Over the decades I’ve been in prison, I’ve seen firsthand how communication with the outside world comes at a price. All too often, prisoners are forced to use their blood as currency just to use the phone.
I learned this lesson early. In 1994, at age 16, I was locked down on Rikers Island in C-74 Adolescent Jail. We were known as “adolescents at war.” With only two phones in each house of 40 or so prisoners, the violence over making calls never ended. Some prisoners got stabbed, lacerated or busted to white meat. Their stitches ranged from 20 to a buck fifty.
As the new guy in 4 Main — a unit nicknamed “House of Pain” — it was much easier to write a letter. But I needed to call home and tell my momma I was OK and the date of my next court appearance. Before I could even touch a phone no one was using, another prisoner stepped to me. “You get six minutes on the jack. Get yours in the morning or you can get this right now,” he threatened in a thick Bushwick, Brooklyn, accent.
My opponent’s words held no value to me. Not even his 10 or so Latin King comrades seemed costly; I had spent dudes like them in minutes. But the broken rug cutter in his right hand did have the power to make a hefty withdrawal of my blood. I looked to the correctional officer in the officer bubble, hoping she would buy me some time. But she raised the newspaper she wasn't supposed to be reading higher, until she completely vanished.
I didn't call home that night. Neither did my opponent. We fought. We hurt each other for the right to use the phone.
In 1998 I found myself in Attica Correctional Facility, where hardened men were like the living dead. We could only make collect calls, and our loved ones paid the cost. And the violence was rampant. To take and maintain total control over the phones, the stronger prisoners buried the weaker ones like hidden treasure. Administrators tried to better regulate phone usage and stop the violence, but the strong owned and meted out the phone time. It was the very definition of a hostile takeover.
I was at Fishkill Correctional Facility last year when COVID-19 flexed on humanity. I was voted chairman of the Inmate Liaison Committee (ILC) and took an oath to represent the population's pain to the administration.
Thankfully, COVID missed me. But it came close enough for the contact tracing system to quarantine me for two weeks. The prison turned Special Housing Unit (SHU) 200 — the box — into a quarantine facility.
I was fine living in the isolation of the SHU; I grew up living in cells. But Fishkill is a medium-security prison with a lot of dorm housing. After the madness of dorm life, I sat back and chilled out. It helped that I had the equivalent of a cell phone.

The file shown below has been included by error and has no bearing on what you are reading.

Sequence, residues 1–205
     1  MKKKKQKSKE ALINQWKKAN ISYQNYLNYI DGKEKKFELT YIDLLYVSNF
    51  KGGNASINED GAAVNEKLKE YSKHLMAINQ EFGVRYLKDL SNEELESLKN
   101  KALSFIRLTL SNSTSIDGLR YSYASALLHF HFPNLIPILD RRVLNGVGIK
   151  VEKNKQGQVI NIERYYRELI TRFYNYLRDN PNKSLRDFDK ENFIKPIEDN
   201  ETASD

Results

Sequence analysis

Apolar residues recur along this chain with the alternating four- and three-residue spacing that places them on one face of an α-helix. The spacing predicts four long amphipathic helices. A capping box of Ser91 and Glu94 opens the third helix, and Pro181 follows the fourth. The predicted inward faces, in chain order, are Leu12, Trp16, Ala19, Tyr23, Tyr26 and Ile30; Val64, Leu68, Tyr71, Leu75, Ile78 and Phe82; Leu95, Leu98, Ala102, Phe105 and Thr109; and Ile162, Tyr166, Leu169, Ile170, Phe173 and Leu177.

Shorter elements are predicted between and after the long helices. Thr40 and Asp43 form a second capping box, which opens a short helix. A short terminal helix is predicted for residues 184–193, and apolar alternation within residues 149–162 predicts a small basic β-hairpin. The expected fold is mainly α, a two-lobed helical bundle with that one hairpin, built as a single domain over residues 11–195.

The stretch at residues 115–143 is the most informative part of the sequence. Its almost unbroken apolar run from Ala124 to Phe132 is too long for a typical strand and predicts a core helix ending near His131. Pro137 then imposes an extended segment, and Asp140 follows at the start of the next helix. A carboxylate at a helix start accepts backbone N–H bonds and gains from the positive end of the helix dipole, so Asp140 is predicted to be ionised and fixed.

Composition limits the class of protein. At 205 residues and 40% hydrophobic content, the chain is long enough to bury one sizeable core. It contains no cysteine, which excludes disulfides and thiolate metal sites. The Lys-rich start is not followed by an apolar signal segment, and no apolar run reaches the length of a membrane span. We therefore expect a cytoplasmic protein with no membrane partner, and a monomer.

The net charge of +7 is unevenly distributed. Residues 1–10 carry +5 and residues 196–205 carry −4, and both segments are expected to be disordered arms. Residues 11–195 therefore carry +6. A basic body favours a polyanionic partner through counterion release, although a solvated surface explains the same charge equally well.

Every prisoner has access to a free JPay tablet that holds downloaded music, movies, games and fee-based “secure messaging.” But everyone in the SHU got a second tablet with a built-in phone app. Suddenly, everyone had their own phone, regardless of whether they were quarantining or being disciplined.
It dawned on me that we were holding the solution to an age-old prison problem. If we all had the option to use a phone app, the value of violence would plunge. We would no longer have to withdraw each other's blood to make calls.
Armed with this new technology, I decided to bring the issue to the next ILC meeting with prison administrators. On April 30, 2020, I argued that outfitting every tablet with phone capabilities would reduce violence among prisoners. The administration argued against it on grounds that it would require internet capability. The way the buildings are wired, there is no Wi-Fi, they said. Getting it would require approval from the Central Office.
I counter-argued from every angle, so they could see all the scars I had collected over the last 23 years. But they didn't take me seriously. Their posture signaled indifference; some laughed. At that point, my carefully crafted coat began falling apart at the seams. I spoke out in the voice of my 16-year-old self, the one with 3-inch gashes on my left cheek. The administrators would not budge an inch. Our pain was their stock and trade.
Right before the meeting ended, I closed my eyes and listened for my people. I was trying to hear their voices from the depths of countless prisons. Then I recalled something horrible I had actually seen: a four-man fight over using the phone.
The only consolation is that the transcripts of these meetings are government documents reviewed by the Commissioner’s office. It’s one of the few times the system can’t officially suppress the voice of the prison population.
I faced the administration again, in late June, this time as a second-term ILC chairman. I renewed my request to have the phone app placed on all the JPay tablets. The bosses denied me again for the same reasons. They didn't hear me last year, and they didn’t in June. Maybe they never will. But I won't stop advocating until they do.
Corey Devon Arthur was born in Brooklyn in 1977 and has been incarcerated for robbery and murder since 1997. He has earned a legal research certification and studied through Rising Hope and Nyack College. Arthur is currently serving his second term as chairman of the Inmate Liaison Committee at Fishkill Correctional Facility. He's a proud member of Empowerment Avenue, a collective of incarcerated writers. Arthur is also passionate about drawing and is currently working on a trilogy of short stories.
Thomas Mailey, spokesperson for the New York State Department of Corrections and Community Supervision, would not comment on Arthur’s recollection of the two scheduled ILC meetings. To confirm the information, The Marshall Project would have to make a formal request under the state's Freedom of Information Law, he wrote in an email.